Brand or Die!

A Small Business Survival Guide

Are you in the business of Big Ideas?

  • Posted: 7:37 AM
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  • Author: Mikal J. Caldwell

Victor Hugo said that there is nothing more powerful than an idea whose time has come. As an entrepreneur you should embrace that same philosophy with your business. Every business should have what I call a Big Idea. It is one of the most powerful business development tools you have, and its proper use can (and will) spark growth and build brand loyalty with your company.

A Big Idea is the essence of why your company exists in the market. It's bigger than the product or service you sell. Your Big Idea is the real reason why your customers buy from you and not someone else. It often has less to do with the tangibles of how your product or service works, and more to do with how people feel as a result of doing business with you. If you haven't really thought about what your Big Idea is, you should definitely do it now, because that is one of the most important elements of your brand and one of the keys to true brand penetration.

Customers don’t buy products, they buy ideas. Think about it: Do you buy a Mercedes just for transportation? Or do you buy it because of the air of luxury it represents and what that means to you? If you had your heart set on a Mercedes and another car had the same specifications and capabilities, you’d still most likely choose the Mercedes. That’s the power of a Big Idea. It not only creates demand, it creates brand loyalty.

Apple is a great example of how to use a Big Idea to create a demand for your product and claim market share. Although Microsoft had a near-monopoly on computer operating systems, Apple decided to compete on a totally different playing field. They launched the iPod not as a product, but as the symbol of an idea that said: "We are the definition of cool." They were completely brilliant in their launch of it and immediately the idea caught on. Not fully realizing the mortal danger they were in, Microsoft was slow to respond, and by the time they had a similar product, they had already lost the idea war. iPods were cool. Everything else was not.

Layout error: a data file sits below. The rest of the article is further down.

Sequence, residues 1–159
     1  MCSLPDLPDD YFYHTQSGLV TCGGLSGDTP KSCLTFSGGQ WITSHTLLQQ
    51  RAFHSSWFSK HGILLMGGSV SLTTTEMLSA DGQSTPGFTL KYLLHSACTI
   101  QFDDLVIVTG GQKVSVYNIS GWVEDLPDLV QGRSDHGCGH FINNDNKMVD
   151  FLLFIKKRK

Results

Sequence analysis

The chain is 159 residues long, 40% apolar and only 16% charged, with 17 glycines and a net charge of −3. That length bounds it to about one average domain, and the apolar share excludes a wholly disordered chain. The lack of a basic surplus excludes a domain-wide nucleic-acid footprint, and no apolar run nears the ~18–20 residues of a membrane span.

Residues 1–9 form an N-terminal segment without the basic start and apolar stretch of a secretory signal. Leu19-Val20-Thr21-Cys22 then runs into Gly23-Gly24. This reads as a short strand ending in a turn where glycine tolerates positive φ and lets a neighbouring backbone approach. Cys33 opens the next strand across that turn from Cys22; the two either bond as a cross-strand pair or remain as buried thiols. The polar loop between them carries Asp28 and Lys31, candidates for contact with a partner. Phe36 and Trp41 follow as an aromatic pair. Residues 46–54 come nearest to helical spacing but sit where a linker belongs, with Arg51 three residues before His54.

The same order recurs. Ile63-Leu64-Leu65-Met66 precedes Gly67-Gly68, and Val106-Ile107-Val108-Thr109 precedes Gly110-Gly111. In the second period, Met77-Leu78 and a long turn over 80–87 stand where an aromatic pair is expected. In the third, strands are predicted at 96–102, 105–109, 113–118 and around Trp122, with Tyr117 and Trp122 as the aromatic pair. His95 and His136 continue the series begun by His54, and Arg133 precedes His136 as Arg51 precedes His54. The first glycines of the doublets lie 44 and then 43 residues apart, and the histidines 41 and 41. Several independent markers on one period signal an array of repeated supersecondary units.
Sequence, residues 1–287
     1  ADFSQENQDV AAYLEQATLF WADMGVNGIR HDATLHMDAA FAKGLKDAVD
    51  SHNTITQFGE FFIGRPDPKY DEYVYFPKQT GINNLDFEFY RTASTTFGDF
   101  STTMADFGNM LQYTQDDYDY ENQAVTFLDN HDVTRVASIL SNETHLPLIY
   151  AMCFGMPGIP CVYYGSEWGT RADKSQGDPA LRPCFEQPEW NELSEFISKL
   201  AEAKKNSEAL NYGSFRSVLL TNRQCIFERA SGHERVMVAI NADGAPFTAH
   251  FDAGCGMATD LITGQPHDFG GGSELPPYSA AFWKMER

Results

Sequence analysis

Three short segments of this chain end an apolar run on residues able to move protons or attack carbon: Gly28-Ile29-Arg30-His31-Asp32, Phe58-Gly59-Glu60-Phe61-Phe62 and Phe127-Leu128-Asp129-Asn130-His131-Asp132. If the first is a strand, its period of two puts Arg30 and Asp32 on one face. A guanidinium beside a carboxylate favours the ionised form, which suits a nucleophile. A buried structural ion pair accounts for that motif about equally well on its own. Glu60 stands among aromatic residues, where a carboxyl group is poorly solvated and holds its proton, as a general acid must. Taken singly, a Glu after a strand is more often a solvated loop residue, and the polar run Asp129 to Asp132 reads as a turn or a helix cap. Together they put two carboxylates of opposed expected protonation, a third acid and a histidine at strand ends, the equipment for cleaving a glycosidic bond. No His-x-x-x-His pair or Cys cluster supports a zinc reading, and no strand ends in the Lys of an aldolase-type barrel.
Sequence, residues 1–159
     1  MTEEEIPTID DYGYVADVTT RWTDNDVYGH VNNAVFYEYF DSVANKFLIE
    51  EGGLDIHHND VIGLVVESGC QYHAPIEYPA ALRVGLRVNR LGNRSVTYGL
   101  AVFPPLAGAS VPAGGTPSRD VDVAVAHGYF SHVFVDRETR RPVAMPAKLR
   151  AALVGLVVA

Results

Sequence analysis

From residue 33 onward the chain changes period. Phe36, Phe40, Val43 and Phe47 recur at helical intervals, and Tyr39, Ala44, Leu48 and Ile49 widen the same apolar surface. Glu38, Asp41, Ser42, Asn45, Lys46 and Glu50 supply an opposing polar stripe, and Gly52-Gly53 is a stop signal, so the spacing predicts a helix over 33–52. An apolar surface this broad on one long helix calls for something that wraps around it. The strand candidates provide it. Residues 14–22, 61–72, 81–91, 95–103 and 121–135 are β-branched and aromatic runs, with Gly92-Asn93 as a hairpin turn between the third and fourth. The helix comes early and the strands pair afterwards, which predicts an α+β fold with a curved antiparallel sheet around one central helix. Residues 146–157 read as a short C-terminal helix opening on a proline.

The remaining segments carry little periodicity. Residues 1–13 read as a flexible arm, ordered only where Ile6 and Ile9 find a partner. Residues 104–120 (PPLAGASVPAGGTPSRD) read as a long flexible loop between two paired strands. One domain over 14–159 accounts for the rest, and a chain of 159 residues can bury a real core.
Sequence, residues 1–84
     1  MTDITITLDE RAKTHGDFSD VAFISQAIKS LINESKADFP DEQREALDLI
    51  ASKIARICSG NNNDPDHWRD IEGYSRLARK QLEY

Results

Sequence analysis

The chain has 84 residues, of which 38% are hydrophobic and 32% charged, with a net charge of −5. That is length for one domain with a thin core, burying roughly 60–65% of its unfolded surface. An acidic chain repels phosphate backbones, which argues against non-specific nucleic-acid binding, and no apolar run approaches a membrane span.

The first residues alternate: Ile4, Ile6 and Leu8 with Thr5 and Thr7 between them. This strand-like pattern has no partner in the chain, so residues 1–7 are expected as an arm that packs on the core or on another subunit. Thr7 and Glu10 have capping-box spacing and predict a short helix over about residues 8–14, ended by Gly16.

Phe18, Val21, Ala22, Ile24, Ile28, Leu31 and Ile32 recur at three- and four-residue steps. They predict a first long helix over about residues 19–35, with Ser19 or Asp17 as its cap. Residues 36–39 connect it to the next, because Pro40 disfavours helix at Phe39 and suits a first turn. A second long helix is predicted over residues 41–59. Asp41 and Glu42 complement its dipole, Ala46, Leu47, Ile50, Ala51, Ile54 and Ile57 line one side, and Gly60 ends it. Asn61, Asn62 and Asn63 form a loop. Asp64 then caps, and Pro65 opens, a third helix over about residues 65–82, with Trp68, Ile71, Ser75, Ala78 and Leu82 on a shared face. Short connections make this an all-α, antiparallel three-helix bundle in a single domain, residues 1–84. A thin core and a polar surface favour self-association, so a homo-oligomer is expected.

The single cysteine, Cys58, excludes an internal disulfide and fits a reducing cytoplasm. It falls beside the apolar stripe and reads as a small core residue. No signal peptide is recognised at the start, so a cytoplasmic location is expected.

From there Apple used the power of that idea to breathe new life into the Mac Computer brand. Macbooks became synonymous with cool, just as the iPod was. You can see that same Big Idea still being used in their "I'm a Mac. I'm a PC" ad campaign. Apple's success wasn't truly built on the strength of their product (although quality is still vital), but on the power of their Big Idea. And for the record, they launched the iPod in a recession!

You might not be as big as Apple, but your Big Idea is, and you can use it the same way that Apple did to grow your business. Understand your Big Idea well enough to articulate it simply and clearly, and then begin spreading that Big Idea in your marketing. If you have employees, create a communication and coaching program that ensures each of them know and exemplify your Big Idea. Using every touch point you have, spread the gospel of your Big Idea, and watch how many of your customers become true believers.

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